With college offenses throwing more and more in an effort to move the ball downfield, offensive coordinators need to have a stable of playmakers at wide receiver ready to rotate in and put the secondary on its heels. Here is a look at the top five wide receiver classes to date for the 2014 recruiting cycle, based on the industry-generated 247Sports Composite.
Artavis Scott is one of three Clemson WRs in this class already on campus.
Commitments: Trevion Thompson (Durham, N.C./Hillside)
In the closest battle for this series to date. Clemson’s group - which includes four wideouts, three that enrolled early, with a chance to be highly productive for offensive coordinator Chad Morris - gave the Tigers an ever so slight edge for No. 1. Scott is not the biggest nor is he the strongest, but he is extremely fluid in his movements and might be the best route runner in the 2014 class not named Travis Rudolph. Thompson has the size and strength to beat press coverage, and his aggressiveness to go up and win the jump-ball battle makes him a big-play threat as well. Kitt is a solid, consistent slot with a cool on-field demeanor who can make the difficult catch in traffic and should do plenty of damage inside working against zone coverage. Priester has a chance to develop into a big-play threat because of his outstanding combination of size, large hands, leaping ability, body control and balance.
2. Texas A&M
Having Noil, the No. 1 wide receiver in the country, made this an extremely tight race. Speedy, as his name suggests, is a human jet that comes off the line as if he were shot out of a cannon. A true difference maker in the mold of a Percy Harvin, Noil is a versatile, big-play threat with explosive after-the-catch ability, explosive return capabilities, large, soft hands and the top-end speed to challenge defensive backs vertically. Iheanacho fits the Mike Evans mold of a freakishly athletic basketball player-turned wideout with tight end size. He has some work to do from a technical standpoint, but his size, leaping ability, and impressive top-end speed should allow him to become a downfield threat, if not just a red-zone monster. Size will always be an issue with Jeffery, who will need to add strength to avoid injury, but he is so scary in space that he should be fun to watch in the spread at the next level. He should push Noil for return responsibilities as well. Reynolds has the physical tools to stretch the field, but the Aggies’ coaches are going to have to be patient in working on his route-running and use of his hands off the line of scrimmage to his advantage.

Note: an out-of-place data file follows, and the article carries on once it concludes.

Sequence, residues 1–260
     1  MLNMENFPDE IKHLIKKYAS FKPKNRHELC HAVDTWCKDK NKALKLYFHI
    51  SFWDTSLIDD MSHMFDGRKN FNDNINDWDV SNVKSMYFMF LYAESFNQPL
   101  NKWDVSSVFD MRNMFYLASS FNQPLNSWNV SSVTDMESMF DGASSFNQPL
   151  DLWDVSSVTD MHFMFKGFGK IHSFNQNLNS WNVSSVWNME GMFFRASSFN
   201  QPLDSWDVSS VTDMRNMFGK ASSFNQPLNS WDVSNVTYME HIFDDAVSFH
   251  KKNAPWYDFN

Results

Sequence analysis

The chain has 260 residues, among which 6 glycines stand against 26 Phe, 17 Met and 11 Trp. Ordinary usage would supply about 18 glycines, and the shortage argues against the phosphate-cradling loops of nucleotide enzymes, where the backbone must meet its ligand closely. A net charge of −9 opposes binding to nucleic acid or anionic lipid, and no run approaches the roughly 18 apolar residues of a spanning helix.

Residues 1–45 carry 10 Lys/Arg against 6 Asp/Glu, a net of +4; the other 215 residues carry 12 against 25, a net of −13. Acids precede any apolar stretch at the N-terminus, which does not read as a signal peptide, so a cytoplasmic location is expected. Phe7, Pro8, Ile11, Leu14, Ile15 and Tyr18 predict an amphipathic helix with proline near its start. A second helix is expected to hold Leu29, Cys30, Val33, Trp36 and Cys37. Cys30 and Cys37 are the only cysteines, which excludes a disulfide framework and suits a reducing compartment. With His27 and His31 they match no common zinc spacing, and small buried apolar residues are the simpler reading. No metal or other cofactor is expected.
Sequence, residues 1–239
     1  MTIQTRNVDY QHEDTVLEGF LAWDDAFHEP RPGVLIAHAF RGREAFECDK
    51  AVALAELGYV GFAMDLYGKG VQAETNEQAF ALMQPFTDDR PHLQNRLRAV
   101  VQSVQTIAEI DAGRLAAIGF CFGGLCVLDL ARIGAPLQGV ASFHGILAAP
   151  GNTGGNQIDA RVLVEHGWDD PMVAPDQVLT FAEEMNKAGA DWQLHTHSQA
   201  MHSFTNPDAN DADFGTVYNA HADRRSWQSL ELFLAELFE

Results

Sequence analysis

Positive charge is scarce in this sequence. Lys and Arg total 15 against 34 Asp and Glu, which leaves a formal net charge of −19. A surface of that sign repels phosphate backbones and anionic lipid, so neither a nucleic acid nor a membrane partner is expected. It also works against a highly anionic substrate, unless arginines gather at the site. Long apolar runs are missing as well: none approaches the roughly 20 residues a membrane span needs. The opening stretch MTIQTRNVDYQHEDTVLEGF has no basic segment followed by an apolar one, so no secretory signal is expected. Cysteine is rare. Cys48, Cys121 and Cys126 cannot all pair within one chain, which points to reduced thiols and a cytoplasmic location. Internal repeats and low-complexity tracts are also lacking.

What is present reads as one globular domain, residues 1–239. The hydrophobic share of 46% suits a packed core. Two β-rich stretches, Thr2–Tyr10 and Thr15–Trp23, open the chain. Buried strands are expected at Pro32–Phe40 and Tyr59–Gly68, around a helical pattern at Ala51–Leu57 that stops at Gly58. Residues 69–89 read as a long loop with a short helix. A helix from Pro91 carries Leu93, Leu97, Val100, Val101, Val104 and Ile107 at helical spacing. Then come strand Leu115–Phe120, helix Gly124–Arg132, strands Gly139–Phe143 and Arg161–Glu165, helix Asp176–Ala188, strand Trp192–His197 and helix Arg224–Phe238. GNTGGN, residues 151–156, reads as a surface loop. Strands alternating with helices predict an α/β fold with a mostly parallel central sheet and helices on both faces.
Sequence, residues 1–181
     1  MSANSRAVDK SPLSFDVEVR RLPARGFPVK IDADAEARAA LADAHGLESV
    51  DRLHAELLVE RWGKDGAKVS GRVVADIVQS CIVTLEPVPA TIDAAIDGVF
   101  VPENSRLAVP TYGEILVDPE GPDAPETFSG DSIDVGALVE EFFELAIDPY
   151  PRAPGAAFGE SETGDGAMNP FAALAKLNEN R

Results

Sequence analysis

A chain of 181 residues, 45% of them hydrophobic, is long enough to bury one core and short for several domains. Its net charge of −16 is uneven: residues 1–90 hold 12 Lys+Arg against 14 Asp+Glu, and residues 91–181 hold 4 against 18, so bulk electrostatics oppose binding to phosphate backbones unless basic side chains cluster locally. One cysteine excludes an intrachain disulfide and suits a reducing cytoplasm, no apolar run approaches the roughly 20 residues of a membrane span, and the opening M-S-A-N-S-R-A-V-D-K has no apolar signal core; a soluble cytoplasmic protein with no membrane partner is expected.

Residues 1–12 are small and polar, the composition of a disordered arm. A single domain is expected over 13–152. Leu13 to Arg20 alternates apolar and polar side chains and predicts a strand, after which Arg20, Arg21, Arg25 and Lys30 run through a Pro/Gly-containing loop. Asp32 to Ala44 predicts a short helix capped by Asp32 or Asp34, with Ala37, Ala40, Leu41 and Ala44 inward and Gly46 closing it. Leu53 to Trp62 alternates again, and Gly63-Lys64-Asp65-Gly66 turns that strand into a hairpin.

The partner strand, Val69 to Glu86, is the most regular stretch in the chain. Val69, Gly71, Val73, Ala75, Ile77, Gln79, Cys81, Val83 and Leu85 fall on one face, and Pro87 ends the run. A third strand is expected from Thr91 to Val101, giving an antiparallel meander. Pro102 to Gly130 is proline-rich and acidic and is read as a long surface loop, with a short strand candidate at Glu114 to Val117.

Artavis Scott, Clemson
3. Ohio State
Early enrollees: Johnnie Dixon (Palm Beach Gardens, Fla./Dwyer)
Commitments: Parris Campbell (Akron, Ohio/St. Vincent-St. Mary), Terry McLaurin (Indianapolis/Cathedral)
There is a lot to like about the trio of incoming Buckeyes, and there is also a lot to like about Dixon physically. He is strong enough to create separation, can explode to top-end speed and beat defensive backs deep, and can find creases in the coverage with very precise route-running. As Campbell, who does not turn 17 until July, continues to progress as a route runner and grow physically, his future at wideout will likewise grow brighter and brighter. He sees the field well enough to steal some carries out of the backfield as well, which has always been his goal. McLaurin shows deep threat speed and is reminiscent of Seminoles standout Kenny Shaw in his ability to keep cornerbacks on their heels, although he is not quite as shifty as Shaw was coming out of high school.
Commitments: Armanti Foreman (Texas City, Texas/Texas City) , Lorenzo Joe (Abilene, Texas/Cooper), Roderick Bernard (Houston/Sharpstown), Dorian Leonard (Longview, Texas/Longview), Garrett Gray (Marble Falls, Texas/Marble Falls)
Charlie Strong is inheriting a deep incoming group of pass-catchers that all bring something different to the table. Foreman can be bottled up if you get your hands on him, but his burst off the line and incredible change of direction make that extremely difficult to accomplish. He should be an asset in the downfield passing game, in space out of the slot and in the return game. Joe can line up inside or outside and make plays, using his knowledge of how to change speed in his routes to get open and cause issues in zone coverage or man. He has a lot of natural tools to work with and shows little bust potential. Bernard is a spread utility weapon that lacks size but possesses great start-stop ability in space. Leonard is a really interesting talent in that he is a bigger wideout that wins most jump ball battles, but he also has room to grow and the agility of a much smaller receiver. Gray knows how to do two things really well – get open and catch the ball regardless of where it is thrown. Those are obviously vital traits for his position, and his size increases his value.
Demarre Kitt, Clemson
The Sooners brought in a towering trio of pass catchers, with all three being 6-foot-5-plus. Andrews is built like a tight end, and the 6-foot-6 pass-catcher excels in creating a huge target in traffic by utilizing his height and body control to provide a very reliable target for the quarterback. Todd is another jumbo target that moves like a cornerback, with surprisingly crisp routes for his size. His toolset oozes with upside. Mead brings an intriguing blend of size and incredibly tuned in hand-eye coordination. He does a nice job high-pointing the ball.
Other top classes:
Kyrin Priester, Clemson
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